• The Tajik government continued to use the fight against terrorism to legitimize its close management of religious practices in the country. The 2009 Law on Religion dictates that all religious organizations need to register with the Committee on Religious Affairs, and the 2011 Law on Parental Responsibility banned people under the age of 18 from praying in mosques and restricted access to foreign Islamic education. While the government says up to 500 Tajik citizens have travelled to fight in Syria and Iraq, the government's rhetoric and policy towards religion overstate this limited threat.[34] State-led secular policies tend to blur the distinction between piety and extremism. In September 2015, for example, a presidential advisor said that bibi-otun, female religious elders, constituted a threat to society.[35] The authorities have created a divide between "good," moderate, national Islam and "bad," extremist, foreign Islam.[36] Officials frequently speak out against "foreign" Islamic styles such as the hijab and beard, framing them as alien to national identity.[37] In March 2015, state television showed a documentary about prostitutes who wore hijabs to attract customers.[38] During a speech in September 2015, President Rahmon linked Islamic clothing to the Islamic State. "Women should set an example by fighting against the negative impact of alien phenomena and foreigner-worshipping," he declared.[39] Officials are following his example. The head of the Khatlon police, Bahrom Shrifzoda, announced that in 2015 police convinced 1,773 women to de-veil and forced almost 13,000 men to shave.[40]

Independent Media:

  • The government of Tajikistan continues to severely curtail freedom of information. While the Constitution, the 1996 Law on Television and Broadcasting, and the 2013 Law on Periodical Print and Other Mass Media grant freedom of expression and prohibit censorship and state interference with the media, in reality, the state tightly regulates the independent media. In the run-up to the 2015 elections, the government heavily restricted the independent media and used the state media to discredit its opponents (see Electoral Process section).

  • The government controls most printing presses, newsprint supplies, and broadcasting facilities in the country. Tajikistan's media licensing commission routinely denies licenses to independent outlets or otherwise obstructs the licensing process. No member of an independent media outlet or civil society is currently a member of the licensing committee.[41] The State Committee on Television and Radio (SCTR), headed by a presidential appointee, regulates and oversees broadcasting at the national and regional level. State-controlled television channels that praise the ruling party are the only media outlets broadcasting nationwide. Although no independent television stations operate in Tajikistan, most people have access to international, primarily Russian, channels via satellite television. Newspaper circulation is small, with state-owned newspapers having the largest circulation. Most independent agencies print under 4,000 copies per week. State-run newspapers Minbari Halk and Jumhuriyat have circulation in excess of 40,000 copies.[42] In June 2015, a government directive stated that officials should speak to state news agency Khovar before giving interviews to the independent media.[43]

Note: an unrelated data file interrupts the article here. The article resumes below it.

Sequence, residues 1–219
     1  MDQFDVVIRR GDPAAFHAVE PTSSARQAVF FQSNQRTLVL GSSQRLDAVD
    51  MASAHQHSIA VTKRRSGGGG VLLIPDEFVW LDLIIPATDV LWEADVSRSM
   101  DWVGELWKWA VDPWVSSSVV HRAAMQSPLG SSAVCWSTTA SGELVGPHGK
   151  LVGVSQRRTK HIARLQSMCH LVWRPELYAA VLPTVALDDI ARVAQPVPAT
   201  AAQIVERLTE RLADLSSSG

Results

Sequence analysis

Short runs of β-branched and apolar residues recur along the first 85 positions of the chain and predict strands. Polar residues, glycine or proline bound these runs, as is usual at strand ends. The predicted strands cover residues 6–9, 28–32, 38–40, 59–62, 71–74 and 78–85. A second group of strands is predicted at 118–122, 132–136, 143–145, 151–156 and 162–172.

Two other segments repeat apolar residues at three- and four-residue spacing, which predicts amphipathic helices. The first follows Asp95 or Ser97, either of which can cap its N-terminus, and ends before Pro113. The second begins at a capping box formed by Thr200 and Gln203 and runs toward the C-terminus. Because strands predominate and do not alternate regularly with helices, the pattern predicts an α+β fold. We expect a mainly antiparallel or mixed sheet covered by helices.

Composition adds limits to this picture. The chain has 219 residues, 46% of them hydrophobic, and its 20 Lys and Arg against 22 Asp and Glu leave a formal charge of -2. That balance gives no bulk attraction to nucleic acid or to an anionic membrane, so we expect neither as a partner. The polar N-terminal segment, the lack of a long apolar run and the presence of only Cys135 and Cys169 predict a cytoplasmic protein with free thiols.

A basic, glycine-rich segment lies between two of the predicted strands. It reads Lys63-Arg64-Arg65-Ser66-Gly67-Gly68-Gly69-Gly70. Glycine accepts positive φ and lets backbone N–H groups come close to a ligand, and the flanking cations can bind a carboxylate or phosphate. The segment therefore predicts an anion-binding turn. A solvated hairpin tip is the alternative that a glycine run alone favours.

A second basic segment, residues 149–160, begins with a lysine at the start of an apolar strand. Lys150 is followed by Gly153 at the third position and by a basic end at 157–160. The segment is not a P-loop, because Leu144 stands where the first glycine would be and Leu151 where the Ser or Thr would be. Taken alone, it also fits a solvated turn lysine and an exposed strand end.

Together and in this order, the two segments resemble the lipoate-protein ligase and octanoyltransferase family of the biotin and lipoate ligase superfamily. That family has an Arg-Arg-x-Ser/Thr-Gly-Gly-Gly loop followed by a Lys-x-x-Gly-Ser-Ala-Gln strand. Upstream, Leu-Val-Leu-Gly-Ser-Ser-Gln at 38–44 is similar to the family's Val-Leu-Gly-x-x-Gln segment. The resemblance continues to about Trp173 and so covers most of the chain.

• An estimated 1.4 million Tajiks use the internet on a regular basis.[44] As the internet becomes more popular among Tajiks and becomes a site for discussing political issues, the state-run Communications Service, led by Rahmon family member Beg Zukhurov, has in recent years routinely blocked websites and social networks that broadcast criticism of the authorities.

  • Such blockages most often come at times of instability, or the when the government fears unrest. When the independent media criticized the government's management of conflicts in the Rasht Valley in 2010 and Khorog in 2012 and 2014, the regime reacted by blocking websites.[45] In October 2014, opposition movement Group 24 used social media to call for protests in Dushanbe. The authorities quickly blocked access to hundreds of websites.[46] This pattern continued in 2015. After former head of the OMON paramilitary police Gulmurod Halimov announced his defection to the Islamic State in a YouTube video in May 2015, the government blocked a host of Russian and English-language sites.[47] When deputy defense minister Abduhalim Nazarzoda attacked a number of police checkpoints on September 4, the government blocked websites once more. Access was restored three weeks later.[48] OSCE media freedom representative Dunja Mijatović called this blocking of websites a "worrying trend."[49]

  • Most journalists practice self-censorship. Insult or slander of senior government officials remains a civil offense. Journalists who write critical stories are likely to receive threats from the intelligence services, or to face libel charges or even arrest.[50] In September 2015, following the Dushanbe attacks that the authorities blamed on the IRPT, the police arrested two editors from the party's newspaper Najot and charged them with terrorism.[51] Having re-located some of their operations outside of the country, independent agencies like Asia Plus and Ozodagon are able to post stories on contentious issues like official corruption, falling education standards and religious radicalization.

Local Democratic Governance: